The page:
Martinelle Allen, Class of 2013 (MA)
English Teacher Abroad, Shenzhen China
What have you been up to since you were a student at Marymount?
Since graduating in 2013, I took the next step in my personal and professional life and moved to China and continued my career as a high school English teacher. As a result, I’ve had the opportunity to travel the world and collect entry stamps in my passport from countries like Japan, South Korea, the Philippines, Spain, South Africa and Egypt, to name a few! I love seeing part of the world that I only saw in movies, or that were supposed to be set in beautiful, exotic, and historic places. I grew up in a small town and I knew that one day I’d get my passport and collect as many stamps in it as possible!
What challenges or obstacles did you face in your academic career?
In addition to being a full time graduate student, I worked as a graduate assistant and taught high school reading and math part time. Juggling my professional and academic responsibilities was rigorous at times. I’ve never had to be more diligent about managing my time than when I was studying at Marymount!
I woke up early so that I could be on time to work in the morning. I used my planning period wisely to complete all my documents for the week. If I had any spare time during my planning period, I could complete the homework readings and type my responses for class assignments. I ate dinner before classes started and after classes ended, I’d go home and start the day all over again.
How did your experiences at Marymount impact your life?
I thoroughly enjoyed my time at Marymount! One of the things that I enjoyed most about Marymount was the opportunity of combining some of my passions (comic books, film and television, race relations, and pop culture) with almost all of the courses I enrolled in. I was also grateful for the numerous opportunities to have a platform to have my voice heard when I presented at conferences both on and off campus.
What are your future career, service, or other goals?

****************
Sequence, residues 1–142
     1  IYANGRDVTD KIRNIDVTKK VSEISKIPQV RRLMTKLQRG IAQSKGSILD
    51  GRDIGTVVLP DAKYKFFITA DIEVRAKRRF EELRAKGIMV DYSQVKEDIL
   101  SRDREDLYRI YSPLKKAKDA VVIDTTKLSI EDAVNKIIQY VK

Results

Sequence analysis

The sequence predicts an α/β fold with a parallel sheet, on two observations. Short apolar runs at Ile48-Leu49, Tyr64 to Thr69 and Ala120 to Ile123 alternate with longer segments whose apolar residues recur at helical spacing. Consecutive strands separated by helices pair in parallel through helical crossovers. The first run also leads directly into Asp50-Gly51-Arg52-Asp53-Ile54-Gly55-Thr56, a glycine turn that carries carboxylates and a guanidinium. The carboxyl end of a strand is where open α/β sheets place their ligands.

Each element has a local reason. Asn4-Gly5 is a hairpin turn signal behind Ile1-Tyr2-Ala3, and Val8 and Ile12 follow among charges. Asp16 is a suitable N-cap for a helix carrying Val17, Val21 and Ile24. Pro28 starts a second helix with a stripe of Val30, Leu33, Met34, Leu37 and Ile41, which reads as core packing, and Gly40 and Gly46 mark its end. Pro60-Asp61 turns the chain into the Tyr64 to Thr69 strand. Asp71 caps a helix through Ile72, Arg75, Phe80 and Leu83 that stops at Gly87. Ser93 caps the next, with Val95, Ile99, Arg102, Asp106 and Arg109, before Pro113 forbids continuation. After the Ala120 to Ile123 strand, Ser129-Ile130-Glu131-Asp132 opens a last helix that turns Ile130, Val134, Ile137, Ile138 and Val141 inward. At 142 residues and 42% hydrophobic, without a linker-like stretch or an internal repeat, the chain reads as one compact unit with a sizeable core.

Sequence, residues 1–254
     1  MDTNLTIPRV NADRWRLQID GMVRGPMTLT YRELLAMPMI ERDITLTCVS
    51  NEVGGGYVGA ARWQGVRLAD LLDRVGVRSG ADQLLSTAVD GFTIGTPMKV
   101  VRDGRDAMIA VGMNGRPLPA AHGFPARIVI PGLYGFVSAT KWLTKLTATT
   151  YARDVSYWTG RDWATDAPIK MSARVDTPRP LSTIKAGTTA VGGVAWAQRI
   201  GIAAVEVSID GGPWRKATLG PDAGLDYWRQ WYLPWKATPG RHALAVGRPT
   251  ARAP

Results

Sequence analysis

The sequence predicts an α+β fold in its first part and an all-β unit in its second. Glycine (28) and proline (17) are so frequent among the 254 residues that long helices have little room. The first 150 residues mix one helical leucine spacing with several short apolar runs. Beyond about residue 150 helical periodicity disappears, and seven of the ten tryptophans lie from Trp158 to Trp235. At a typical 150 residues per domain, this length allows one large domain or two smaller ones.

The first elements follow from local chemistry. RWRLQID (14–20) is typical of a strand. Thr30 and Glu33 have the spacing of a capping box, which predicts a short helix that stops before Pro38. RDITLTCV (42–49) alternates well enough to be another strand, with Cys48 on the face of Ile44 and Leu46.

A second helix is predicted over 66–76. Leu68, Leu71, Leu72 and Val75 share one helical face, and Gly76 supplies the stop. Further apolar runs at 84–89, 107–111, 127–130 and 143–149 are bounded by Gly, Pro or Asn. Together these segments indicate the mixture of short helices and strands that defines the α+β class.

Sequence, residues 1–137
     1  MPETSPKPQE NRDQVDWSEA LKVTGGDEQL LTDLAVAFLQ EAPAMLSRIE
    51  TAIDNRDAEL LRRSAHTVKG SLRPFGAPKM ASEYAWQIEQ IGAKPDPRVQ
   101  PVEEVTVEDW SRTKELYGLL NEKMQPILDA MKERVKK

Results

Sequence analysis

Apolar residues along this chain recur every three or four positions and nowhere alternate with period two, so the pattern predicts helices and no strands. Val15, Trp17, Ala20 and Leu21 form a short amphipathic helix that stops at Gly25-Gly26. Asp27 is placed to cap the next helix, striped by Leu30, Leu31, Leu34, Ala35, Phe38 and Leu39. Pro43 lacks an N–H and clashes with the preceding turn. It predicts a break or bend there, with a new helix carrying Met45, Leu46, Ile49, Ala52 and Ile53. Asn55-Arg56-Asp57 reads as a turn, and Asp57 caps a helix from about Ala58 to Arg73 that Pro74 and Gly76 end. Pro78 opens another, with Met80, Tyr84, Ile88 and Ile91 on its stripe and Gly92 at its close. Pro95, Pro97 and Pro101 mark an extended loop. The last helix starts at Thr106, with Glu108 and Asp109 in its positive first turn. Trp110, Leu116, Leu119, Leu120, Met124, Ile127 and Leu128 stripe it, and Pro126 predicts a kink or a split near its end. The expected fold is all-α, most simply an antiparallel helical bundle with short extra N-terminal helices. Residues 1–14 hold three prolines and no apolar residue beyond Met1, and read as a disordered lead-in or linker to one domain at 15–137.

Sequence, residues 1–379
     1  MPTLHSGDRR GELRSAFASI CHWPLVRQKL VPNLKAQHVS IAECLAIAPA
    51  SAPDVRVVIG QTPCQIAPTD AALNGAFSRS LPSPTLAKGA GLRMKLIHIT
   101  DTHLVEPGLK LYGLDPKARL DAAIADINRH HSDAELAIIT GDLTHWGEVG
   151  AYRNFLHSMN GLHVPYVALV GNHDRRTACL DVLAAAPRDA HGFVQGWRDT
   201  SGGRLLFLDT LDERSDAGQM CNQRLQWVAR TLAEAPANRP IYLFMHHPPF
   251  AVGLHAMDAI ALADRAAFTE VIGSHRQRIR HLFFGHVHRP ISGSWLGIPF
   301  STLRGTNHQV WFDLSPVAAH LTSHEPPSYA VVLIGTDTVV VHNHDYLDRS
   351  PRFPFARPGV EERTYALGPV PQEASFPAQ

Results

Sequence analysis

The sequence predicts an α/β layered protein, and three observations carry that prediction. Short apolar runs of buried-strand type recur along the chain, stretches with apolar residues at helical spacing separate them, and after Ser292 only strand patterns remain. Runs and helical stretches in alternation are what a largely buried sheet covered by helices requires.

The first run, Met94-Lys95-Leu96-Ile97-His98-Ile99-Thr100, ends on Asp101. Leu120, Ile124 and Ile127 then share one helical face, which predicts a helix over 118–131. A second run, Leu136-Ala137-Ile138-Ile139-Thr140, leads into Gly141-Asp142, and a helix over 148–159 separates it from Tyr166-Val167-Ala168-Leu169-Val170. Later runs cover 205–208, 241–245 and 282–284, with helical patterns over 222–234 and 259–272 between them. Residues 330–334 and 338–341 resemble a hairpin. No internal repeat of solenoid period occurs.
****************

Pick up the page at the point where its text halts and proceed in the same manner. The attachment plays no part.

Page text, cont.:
I plan on being a teacher for as long as I can, as it has been my dream ever since I was seven years old. And, of course, continue to travel and see the world. I love all the opportunities that I’ve been able to take advantage of since I’ve lived in China. I love the fact that I’ve been able to broaden my horizons with teaching English to second and first language learners, I love the fact that I’ve been able to learn a new language (even though I’m not fluent). I sometimes think about going back to school to be a student again, but I’m having so much fun right now! Who knows; one day…
What advice would you give prospective students in your field?
This is a hard question to answer. With the exception of attending Marymount, not all graduate students attend graduate school for a singular reason. But the one piece of advice that I can think to give that can apply to everyone is this: make your classes and your degree work for you.
It made sense for me, as an English teacher, to earn a degree in literature and language. I not only was able to apply what I learned to benefit me personally but also professionally so that I could impact my students and my lesson plans. So everyone needs to keep that in mind when they are scheduling which classes they enroll in, choosing a topic for their papers, and organizing and giving their thesis defense. It worked for me, so hopefully, it can work for someone else, too!
Profile interview conducted by Nhu-Phuong Duong